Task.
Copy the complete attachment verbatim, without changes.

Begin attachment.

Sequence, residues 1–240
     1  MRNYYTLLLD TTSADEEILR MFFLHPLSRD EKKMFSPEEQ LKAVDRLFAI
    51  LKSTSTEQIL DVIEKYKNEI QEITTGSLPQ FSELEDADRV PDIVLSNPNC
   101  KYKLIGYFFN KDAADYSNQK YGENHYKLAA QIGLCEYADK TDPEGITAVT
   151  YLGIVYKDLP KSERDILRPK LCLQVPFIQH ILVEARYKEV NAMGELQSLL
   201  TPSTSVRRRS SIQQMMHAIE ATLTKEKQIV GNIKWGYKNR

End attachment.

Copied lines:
Sequence, residues 1–240
     1  MRNYYTLLLD TTSADEEILR MFFLHPLSRD EKKMFSPEEQ LKAVDRLFAI
    51  LKSTSTEQIL DVIEKYKNEI QEITTGSLPQ FSELEDADRV PDIVLSNPNC
   101  KYKLIGYFFN KDAADYSNQK YGENHYKLAA QIGLCEYADK TDPEGITAVT
   151  YLGIVYKDLP KSERDILRPK LCLQVPFIQH ILVEARYKEV NAMGELQSLL
   201  TPSTSVRRRS SIQQMMHAIE ATLTKEKQIV GNIKWGYKNR